Crime Is Where Sanders and Clinton Are Most Linked
Hillary Clinton is criticized for her husband’s passing of criminal justice bills that would disproportionately affect minorities. While I think this is a bit rooted in sexism as she is not her husband who has since apologized, it’s a fair criticism because part of her platform is expanding upon her husband’s legacy and this is definitely apart of it. Hillary has renounced the stance as well.
However, Bernie Sanders has spoken at length about the detrimental affects of these policies. I agree with him, but Sanders was in the lawmaking body. What did he do to show his opposition towards this legislation?
The answer is not much other than talk. Bernie may be right that the number of inmates in the United States has quadrupled since 1980, but he leaves out that he is part of the reason. Michael Blatt on Sanders’ votes on monumental crime bills during the Clinton presidency.
Violent Crime Control and Law Enforcement Act (1994)
Sanders voted for the bill which called for expanding the application of the death penalty on many more crimes, including large-scale drug trafficking. It also included a federal version of the “three strikes law,” requiring a mandatory life sentence for anyone convicted of a third serious crime.
Omnibus Crime Bill of 1994
Sanders voted for this bill which not only expanded the death penalty but also decreased the minimum age for minors to be tried as adults. It included incentives for states to adopt truth-in-sentencing (TIS) laws that lengthened prison sentences. It also provided money, with strings attached, for states to build more prisons, but only if they required that convicts for the most serious crimes would have to serve at least 85 percent of the sentences imposed on them (the “85 percent rule”).
Minimum Sentences For Gun Crimes Act of 1998
Sanders voted for this legislation which would have set a mandatory minimum of 10 years for crimes committed while in possession of a gun, 15 years for crimes committed while brandishing a gun, and 20 years for crimes committed while firing a gun. In the final version of the bill, the length of the sentences were cut in half.
The Local Government Law Enforcement Block Grants Act of 1995
Sanders voted against this bill that would have “demilitarized” the police. It called for establishing drug courts and prohibited local governments from purchasing tanks or armored personnel carriers.
The Clintons have a subpar record on criminal justice dating back to the early 90’s where Democrats were trying to rebuff the stereotype that Democrats were soft on crime. Bernie Sanders was right there with the Democrats he was caucusing with voting for those bills that put minorities in jail and lengthened prison sentences.
Profitting Off Prison
The Clintons were definitely invested and profitting off of the prison-industrial complex. The problem with that is so has Bernie and so have you. It’s all a matter of degree. Ray Downs explains:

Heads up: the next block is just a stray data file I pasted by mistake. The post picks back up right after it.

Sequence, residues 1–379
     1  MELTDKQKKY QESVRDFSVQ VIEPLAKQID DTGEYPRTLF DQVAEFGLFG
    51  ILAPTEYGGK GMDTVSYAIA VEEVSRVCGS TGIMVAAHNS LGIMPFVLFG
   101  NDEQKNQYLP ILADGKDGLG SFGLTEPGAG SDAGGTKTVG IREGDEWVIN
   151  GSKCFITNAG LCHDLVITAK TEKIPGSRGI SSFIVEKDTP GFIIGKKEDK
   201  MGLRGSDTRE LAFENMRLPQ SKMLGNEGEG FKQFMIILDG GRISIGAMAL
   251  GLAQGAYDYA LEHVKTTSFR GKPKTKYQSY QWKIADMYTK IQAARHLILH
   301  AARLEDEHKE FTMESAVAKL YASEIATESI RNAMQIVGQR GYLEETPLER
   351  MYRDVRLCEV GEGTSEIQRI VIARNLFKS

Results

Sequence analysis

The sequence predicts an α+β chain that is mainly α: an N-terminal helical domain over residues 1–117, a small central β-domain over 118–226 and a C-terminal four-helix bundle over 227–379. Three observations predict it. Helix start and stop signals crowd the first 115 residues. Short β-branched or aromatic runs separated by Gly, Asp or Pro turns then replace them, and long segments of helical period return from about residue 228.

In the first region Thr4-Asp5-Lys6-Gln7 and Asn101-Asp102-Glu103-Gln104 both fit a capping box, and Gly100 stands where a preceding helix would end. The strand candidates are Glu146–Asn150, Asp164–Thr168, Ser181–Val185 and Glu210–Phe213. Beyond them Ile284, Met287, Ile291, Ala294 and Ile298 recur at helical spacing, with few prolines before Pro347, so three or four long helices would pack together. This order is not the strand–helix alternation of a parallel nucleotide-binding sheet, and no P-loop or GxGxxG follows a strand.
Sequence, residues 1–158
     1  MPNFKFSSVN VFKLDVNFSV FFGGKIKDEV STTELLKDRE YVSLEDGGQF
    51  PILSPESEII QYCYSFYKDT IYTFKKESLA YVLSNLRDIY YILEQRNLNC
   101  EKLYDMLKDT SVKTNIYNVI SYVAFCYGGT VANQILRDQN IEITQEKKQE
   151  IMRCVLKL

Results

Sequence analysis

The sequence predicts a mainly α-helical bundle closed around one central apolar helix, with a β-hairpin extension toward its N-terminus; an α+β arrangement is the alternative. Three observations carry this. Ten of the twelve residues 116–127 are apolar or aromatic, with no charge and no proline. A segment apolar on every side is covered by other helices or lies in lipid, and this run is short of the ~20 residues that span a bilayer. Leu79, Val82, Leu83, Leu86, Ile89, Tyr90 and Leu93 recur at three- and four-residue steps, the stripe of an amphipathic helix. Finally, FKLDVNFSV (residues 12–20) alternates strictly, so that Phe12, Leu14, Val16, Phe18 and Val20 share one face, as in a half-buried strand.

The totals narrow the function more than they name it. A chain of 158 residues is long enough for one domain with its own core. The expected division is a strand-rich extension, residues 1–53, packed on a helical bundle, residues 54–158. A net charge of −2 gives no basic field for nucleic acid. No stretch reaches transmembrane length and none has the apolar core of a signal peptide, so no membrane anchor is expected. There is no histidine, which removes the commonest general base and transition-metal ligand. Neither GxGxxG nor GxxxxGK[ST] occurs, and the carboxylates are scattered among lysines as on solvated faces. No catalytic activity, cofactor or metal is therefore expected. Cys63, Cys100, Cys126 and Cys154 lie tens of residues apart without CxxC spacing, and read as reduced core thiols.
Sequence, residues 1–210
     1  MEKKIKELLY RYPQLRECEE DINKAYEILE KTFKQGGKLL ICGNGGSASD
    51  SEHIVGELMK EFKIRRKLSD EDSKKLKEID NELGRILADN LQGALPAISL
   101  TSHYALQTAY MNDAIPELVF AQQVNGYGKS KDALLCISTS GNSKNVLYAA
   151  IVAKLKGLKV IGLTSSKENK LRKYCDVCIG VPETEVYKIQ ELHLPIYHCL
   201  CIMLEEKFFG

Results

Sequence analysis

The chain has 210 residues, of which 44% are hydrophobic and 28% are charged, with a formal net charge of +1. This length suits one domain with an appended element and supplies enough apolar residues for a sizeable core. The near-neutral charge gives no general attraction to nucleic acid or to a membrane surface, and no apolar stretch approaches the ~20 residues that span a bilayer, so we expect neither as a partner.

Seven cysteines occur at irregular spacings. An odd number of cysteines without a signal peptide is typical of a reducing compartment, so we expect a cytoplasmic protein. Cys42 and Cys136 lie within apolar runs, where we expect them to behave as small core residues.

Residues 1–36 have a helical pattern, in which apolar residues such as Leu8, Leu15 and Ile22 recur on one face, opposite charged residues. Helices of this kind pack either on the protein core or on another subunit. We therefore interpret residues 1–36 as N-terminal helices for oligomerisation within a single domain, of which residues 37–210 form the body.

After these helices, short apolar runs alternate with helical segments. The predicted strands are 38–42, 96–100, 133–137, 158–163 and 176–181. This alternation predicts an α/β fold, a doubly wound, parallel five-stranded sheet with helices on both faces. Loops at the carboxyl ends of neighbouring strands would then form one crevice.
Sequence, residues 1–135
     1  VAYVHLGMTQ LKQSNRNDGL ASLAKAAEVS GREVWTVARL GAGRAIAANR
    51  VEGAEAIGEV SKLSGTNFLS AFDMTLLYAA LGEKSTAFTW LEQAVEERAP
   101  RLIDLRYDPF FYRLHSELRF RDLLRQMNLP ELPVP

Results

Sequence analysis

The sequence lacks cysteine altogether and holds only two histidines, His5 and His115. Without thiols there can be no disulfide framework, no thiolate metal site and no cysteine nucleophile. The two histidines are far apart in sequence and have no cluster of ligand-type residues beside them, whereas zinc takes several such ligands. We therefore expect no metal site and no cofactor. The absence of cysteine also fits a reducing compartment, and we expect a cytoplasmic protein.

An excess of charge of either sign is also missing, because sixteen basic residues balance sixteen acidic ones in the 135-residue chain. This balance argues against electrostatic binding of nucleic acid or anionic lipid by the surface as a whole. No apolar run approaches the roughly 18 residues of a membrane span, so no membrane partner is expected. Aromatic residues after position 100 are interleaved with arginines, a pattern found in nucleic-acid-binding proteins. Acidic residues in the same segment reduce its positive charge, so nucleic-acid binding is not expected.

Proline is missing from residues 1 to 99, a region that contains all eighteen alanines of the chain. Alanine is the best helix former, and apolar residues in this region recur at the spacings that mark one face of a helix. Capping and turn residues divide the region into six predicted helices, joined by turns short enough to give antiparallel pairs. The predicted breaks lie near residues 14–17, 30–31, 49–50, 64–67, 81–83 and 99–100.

The Vanguard Group and Fidelity Investments are America’s top two 401(k) providers. They are also two of the private prison industry’s biggest investors.
Together, they own about 20 percent of both CCA and GEO. That means if you have a 401(k) plan, there’s a good chance you benefit financially from private prisons. And even if you don’t, there are many more mutual funds, brokerage firms, and banks that invest in private prisons—it being a growth industry and all—so if you have money somewhere other than your wallet or your mattress, it’s a good bet you’re involved in some way with companies that are locking up and probably abusing inmates.
This is especially true for government employees like public school teachers because their retirement funds are some of the biggest investors in private prisons. According to NASDAQ data, the retirement funds for public employees and teachers in New York and California together have about $60 million ($30 million each) invested in CCA and GEO. Teacher retirement funds in Texas and Kentucky have $8.3 million and $4 million invested in prisons respectively, and public employees in Florida ($10.3 million), Ohio ($8.6 million), Texas ($5.6 million), Arizona ($5.3 million), and Colorado ($2.25 million) are also connected to the industry. Except for New York, which has only one privately run detention facility, each of these states has several prisons run by CCA and GEO Group facilities. And it’s not just Americans who have ties to prisons. Foreign investors have money in them as well, including the pension fund for the Royal Canadian Mounted Police, which recently sold off its $5.1 million worth of GEO Group stock.
Most of these employees are probably unaware that their pensions are tied to prisons—and it’s hard to say that these are “bad” investments from a purely capitalistic perspective, since these prisons are making money hand over fist.